Image source: Wikimedia Commons

BY GINA COOK

ANCHOR LAUREN ZIMA


A couple will get about $3 million dollars after suing the clinic that incorrectly told them their unborn baby did not have Down syndrome. Ariel and Deborah Levy say if they had known, they would have aborted their now four-year-old daughter. KATU explains.


“The parents who filed the malpractice suit say the doctors repeatedly advised them a test of their unborn baby definitely ruled out Down syndrome and even told them indicators that said otherwise were not reliable.”


Legacy Health, the company that performed the test, was found to have made a major misstep. They didn’t realize they removed tissue from Deborah — not from the fetus — for the prenatal test. The Oregonian says the 10-day trial was highly emotional and describes the moment the verdict was given.


“The couple nodded and mouthed ‘thank you’ as jurors filed out of the courtroom. A few nodded back, smiled or reached out a hand toward the Levys. One juror visibly held back tears. Another wished them peace.”


But peace isn’t what many opponents of the lawsuit are hoping for for the Levys. KGW describes some of the social media criticism of the case, especially because of the couple’s declaration that they would have aborted.


“It’s easy to see the backlash. ‘Absolutely sad and sickening’ one person writes.  ‘Poor child. People are sick and greedy.’ ‘This couple makes me want to puke.’”


A blogger for MSNBC doesn’t blame the parents, but says the practice of wrongful birth suits is immoral.


“The very fact that such a case can make it into a courtroom reveals a lot that is wrong with public policy and ethics in America. … Wrongful birth lawsuits are a horrible way to deal with failed prenatal testing. Forcing parents to argue that their child never should have been born may make legal sense but it is morally absurd.”


A blogger for Commonweal Magazine says he’s just confused about wrongful birth suits altogether.


“It strikes me that, philosophically, there is something odd about a person’s suing for damages when the alleged wrong is what permits the person to be in a position to file the suit (or do anything else in the course of a life)!”


The parents haven’t publicly spoken about the suit, but their lawyer says they love their daughter, and they sued to be compensated for the lifetime care she will need.

Parents Get $3 Million in Wrongful Birth Suit

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Mar 11, 2012

Parents Get $3 Million in Wrongful Birth Suit

Image source: Wikimedia Commons

BY GINA COOK

ANCHOR LAUREN ZIMA


A couple will get about $3 million dollars after suing the clinic that incorrectly told them their unborn baby did not have Down syndrome. Ariel and Deborah Levy say if they had known, they would have aborted their now four-year-old daughter. KATU explains.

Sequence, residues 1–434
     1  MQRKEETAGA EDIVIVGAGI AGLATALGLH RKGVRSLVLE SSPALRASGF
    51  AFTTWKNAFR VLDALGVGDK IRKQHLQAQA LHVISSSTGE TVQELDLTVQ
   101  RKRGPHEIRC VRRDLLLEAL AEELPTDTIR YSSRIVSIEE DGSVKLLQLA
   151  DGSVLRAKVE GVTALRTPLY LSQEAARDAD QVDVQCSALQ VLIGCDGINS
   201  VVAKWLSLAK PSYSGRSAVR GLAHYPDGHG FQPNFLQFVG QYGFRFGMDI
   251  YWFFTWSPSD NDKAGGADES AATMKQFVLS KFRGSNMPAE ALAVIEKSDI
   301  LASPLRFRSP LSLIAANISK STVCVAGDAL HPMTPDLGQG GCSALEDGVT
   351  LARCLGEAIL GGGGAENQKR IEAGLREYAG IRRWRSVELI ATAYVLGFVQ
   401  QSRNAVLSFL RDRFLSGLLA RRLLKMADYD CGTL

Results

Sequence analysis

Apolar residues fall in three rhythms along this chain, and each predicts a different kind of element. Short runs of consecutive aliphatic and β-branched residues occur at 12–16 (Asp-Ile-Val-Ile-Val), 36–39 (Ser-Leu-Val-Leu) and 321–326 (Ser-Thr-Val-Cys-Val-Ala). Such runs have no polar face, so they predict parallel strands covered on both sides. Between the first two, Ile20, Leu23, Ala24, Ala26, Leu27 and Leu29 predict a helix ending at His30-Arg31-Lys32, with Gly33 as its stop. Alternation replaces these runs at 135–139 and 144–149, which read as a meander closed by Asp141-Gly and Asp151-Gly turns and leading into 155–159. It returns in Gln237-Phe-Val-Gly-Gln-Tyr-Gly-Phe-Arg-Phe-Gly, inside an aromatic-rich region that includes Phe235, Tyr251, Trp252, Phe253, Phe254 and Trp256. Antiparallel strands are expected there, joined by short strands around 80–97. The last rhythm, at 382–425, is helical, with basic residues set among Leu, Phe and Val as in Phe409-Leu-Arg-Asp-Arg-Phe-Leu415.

“The parents who filed the malpractice suit say the doctors repeatedly advised them a test of their unborn baby definitely ruled out Down syndrome and even told them indicators that said otherwise were not reliable.”


Legacy Health, the company that performed the test, was found to have made a major misstep. They didn’t realize they removed tissue from Deborah — not from the fetus — for the prenatal test. The Oregonian says the 10-day trial was highly emotional and describes the moment the verdict was given.


“The couple nodded and mouthed ‘thank you’ as jurors filed out of the courtroom. A few nodded back, smiled or reached out a hand toward the Levys. One juror visibly held back tears. Another wished them peace.”


But peace isn’t what many opponents of the lawsuit are hoping for for the Levys. KGW describes some of the social media criticism of the case, especially because of the couple’s declaration that they would have aborted.


“It’s easy to see the backlash. ‘Absolutely sad and sickening’ one person writes.  ‘Poor child. People are sick and greedy.’ ‘This couple makes me want to puke.’”


A blogger for MSNBC doesn’t blame the parents, but says the practice of wrongful birth suits is immoral.


“The very fact that such a case can make it into a courtroom reveals a lot that is wrong with public policy and ethics in America. … Wrongful birth lawsuits are a horrible way to deal with failed prenatal testing. Forcing parents to argue that their child never should have been born may make legal sense but it is morally absurd.”


A blogger for Commonweal Magazine says he’s just confused about wrongful birth suits altogether.


“It strikes me that, philosophically, there is something odd about a person’s suing for damages when the alleged wrong is what permits the person to be in a position to file the suit (or do anything else in the course of a life)!”


The parents haven’t publicly spoken about the suit, but their lawyer says they love their daughter, and they sued to be compensated for the lifetime care she will need.

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